Town, Country, and Regions in Reformation Germany

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This collection of essays covers relations between town and country, regional economic systems, and historical regional studies in late medieval and early modern Germany, in particular how these bear upon social and religious change in the age of the Reformation. Starting from case-studies of South-West Germany, Switzerland and Alsace, the essays broaden out to consider the formation of economic landscapes, the development of urban territories, and the survival of forms of serfdom throughout Germany as a whole. While issues of economic and social structure take pride of place, they are accompanied by analysis of regional mentalities and cultural identities as well.
With an Introduction by Tom Brady.

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Tom Scott Ph.D. (Cambridge) is Honorary Professor of History at the Institute of Reformation Studies in the University of St. Andrews.
This book offers superb regional histories exploring the often complex relationships between towns and their rural surroundings, as well as the role of the territories in the region. Together they demonstrate many factors that shaped interactions between burghers and peasants. In addition, they show the benefits that regional studies can offer scholars of the period. The author indeed achieves one of his stated goals for this collection: to offer a framework (or methodology) for understanding regional histories by providing opportunities to compare and contrast local experiences. (…) Overall there is rnuch to be gained by reading this collection; Scott provides a compelling critique of Blickle's Communal Reformation thesis and, perhaps more importantly, the essays use excellent local histories to compare and contrast experiences, encouraging readers to reevaluate their understanding of this region in the late medieval and early modern periods.’ Michael S. Springer, Institute for European History, Mainz, Sixteenth Century Journal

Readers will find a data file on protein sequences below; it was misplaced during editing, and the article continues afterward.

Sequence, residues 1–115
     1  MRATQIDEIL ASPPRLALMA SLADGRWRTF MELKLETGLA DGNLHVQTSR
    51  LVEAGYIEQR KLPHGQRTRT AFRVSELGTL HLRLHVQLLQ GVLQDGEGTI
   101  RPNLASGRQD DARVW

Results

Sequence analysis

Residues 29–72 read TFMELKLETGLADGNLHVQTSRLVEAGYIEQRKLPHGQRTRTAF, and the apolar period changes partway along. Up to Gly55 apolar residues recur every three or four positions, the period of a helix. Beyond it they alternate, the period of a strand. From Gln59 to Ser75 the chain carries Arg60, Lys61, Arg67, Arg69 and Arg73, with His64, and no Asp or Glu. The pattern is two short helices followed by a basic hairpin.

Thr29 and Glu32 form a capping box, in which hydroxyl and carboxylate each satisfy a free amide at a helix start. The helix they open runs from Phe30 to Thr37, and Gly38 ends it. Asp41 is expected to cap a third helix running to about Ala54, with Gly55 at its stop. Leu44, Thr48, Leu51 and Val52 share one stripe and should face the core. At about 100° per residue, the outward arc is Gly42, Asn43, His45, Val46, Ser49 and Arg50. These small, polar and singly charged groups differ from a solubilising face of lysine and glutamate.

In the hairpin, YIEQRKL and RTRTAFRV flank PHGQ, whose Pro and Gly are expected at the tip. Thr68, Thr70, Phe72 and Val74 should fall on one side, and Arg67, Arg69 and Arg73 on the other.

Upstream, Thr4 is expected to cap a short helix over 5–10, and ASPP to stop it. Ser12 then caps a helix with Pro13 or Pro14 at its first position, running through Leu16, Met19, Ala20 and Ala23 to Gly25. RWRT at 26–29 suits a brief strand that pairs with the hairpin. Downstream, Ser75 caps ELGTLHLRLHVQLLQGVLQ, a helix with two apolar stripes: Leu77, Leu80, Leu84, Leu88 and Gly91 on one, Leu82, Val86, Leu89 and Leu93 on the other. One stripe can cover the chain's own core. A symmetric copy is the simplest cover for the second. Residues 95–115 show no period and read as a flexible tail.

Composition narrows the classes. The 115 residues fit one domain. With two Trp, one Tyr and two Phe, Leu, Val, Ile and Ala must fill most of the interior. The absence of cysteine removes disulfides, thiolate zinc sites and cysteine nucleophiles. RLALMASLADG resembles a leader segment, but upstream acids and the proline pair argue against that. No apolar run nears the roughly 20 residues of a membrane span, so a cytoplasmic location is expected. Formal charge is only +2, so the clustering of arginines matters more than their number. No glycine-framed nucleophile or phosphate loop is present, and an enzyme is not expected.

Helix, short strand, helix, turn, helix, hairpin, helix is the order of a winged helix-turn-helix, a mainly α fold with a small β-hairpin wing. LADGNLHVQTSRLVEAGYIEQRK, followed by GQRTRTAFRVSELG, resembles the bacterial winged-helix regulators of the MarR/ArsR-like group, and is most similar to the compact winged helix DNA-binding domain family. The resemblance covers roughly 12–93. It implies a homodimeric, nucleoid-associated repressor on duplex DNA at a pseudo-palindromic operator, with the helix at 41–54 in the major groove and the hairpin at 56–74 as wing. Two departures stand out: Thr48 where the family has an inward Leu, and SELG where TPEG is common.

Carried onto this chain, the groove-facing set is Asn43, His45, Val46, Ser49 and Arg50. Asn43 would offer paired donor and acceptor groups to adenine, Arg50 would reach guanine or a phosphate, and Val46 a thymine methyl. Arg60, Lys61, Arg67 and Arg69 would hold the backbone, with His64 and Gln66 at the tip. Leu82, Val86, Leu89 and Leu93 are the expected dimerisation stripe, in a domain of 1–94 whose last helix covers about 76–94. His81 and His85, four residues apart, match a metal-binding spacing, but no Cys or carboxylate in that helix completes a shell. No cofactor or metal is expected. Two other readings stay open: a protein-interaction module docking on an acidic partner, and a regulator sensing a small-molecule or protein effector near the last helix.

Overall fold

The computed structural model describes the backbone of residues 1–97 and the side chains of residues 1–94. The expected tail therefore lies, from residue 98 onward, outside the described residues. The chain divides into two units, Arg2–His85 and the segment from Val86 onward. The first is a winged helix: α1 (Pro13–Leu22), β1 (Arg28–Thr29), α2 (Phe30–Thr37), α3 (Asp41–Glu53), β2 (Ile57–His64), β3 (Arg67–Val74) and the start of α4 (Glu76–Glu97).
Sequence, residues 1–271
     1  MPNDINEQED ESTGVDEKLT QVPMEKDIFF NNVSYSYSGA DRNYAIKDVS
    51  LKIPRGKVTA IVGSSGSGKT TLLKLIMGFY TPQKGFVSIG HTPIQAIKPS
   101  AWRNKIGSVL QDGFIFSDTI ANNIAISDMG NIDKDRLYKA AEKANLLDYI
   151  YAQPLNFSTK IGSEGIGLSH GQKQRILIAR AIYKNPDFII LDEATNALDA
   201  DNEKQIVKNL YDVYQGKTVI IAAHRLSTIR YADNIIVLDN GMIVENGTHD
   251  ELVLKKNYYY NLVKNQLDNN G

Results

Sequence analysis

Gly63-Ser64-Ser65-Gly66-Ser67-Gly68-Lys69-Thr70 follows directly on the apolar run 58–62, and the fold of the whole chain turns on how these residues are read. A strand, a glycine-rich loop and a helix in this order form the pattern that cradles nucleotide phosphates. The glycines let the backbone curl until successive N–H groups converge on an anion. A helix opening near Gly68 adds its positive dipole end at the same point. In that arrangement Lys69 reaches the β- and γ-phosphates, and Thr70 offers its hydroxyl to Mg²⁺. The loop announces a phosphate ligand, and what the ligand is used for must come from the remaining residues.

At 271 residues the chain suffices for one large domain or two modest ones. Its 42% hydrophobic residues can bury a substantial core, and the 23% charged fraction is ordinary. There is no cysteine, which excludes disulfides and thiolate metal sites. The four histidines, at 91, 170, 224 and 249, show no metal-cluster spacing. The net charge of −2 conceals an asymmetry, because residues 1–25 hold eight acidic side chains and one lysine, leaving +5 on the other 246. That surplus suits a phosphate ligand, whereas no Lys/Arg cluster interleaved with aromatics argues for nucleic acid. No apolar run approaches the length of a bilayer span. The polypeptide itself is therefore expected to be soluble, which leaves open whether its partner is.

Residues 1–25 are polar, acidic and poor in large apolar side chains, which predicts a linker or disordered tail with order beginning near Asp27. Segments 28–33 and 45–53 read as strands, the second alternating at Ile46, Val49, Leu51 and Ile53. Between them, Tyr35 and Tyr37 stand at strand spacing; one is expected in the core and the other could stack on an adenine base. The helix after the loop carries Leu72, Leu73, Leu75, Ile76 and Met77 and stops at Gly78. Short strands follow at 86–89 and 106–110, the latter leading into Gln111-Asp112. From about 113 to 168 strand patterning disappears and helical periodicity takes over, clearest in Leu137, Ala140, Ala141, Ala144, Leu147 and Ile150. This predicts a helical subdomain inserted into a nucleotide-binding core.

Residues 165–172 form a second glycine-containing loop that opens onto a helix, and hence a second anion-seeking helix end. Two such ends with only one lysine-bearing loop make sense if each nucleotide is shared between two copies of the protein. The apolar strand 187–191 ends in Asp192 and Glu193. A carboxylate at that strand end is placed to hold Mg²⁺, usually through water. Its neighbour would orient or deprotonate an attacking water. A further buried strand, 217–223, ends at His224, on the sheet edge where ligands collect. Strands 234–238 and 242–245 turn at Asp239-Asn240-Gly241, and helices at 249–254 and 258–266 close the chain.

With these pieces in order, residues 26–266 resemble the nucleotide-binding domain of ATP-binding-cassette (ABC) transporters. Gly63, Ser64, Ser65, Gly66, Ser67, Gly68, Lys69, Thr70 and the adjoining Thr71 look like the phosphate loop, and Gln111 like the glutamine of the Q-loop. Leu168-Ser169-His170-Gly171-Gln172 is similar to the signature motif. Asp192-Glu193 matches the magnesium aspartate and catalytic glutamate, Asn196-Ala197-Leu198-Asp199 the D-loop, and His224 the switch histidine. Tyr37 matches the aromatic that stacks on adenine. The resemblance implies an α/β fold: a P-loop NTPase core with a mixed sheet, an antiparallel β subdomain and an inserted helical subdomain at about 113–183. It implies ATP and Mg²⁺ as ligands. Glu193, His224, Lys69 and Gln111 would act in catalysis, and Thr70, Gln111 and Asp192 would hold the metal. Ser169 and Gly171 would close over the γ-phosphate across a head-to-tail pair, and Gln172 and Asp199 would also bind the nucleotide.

Acknowledgements List of Illustrations, Maps, and Tables Note on Usage Author’s Preface Introduction, Thomas A. Brady, Jr PART I. TOWN AND COUNTRY BETWEEN REFORM AND REVOLT 1. Reformation and Peasants’ War in Waldshut and Environs: A Structural Analysis 2. The Communal Reformation between Town and Country 3. The ‘Butzenkrieg’: The Rouffach Revolt of 1514 4. Freiburg and the Bundschuh 5. From the Bundschuh to the Peasants’ War: From Revolutionary Conspiracy to the Revolution of the Common Man 6. South-West German Towns in the Peasants’ War: Alliances between Opportunism and Solidarity PART II. ECONOMIC LANDSCAPES 7. Economic Landscapes 8. Town and Country in the German-speaking Lands, 1350–1600 9. Defining an Economic Region: The Southern Upper Rhine, 1450–1600 10. Medium-sized and Small Towns on the Upper Rhine in the Fifteenth and Sixteenth Centuries between Domination and Competition 11. The Territorial Policy of Freiburg im Breisgau in the Later Middle Ages PART III. REGIONS AND LOCAL IDENTITIES 12. Alsace as an Economic Bridging Landscape in the Fifteenth and Sixteenth Centuries 13. The ‘Revolutionary of the Upper Rhine’ and Outer Austria. Visions of Reform between Empire and Territory 14. Liberty and Community in Medieval Switzerland 15. South-West German Serfdom in Comparative Perspective Places of Original Publication Index of Names and Places Index of Subjects
Scholars and Students of the Reformation, of regional historical studies, economic history, and geography of late-medieval and early-modern Europe.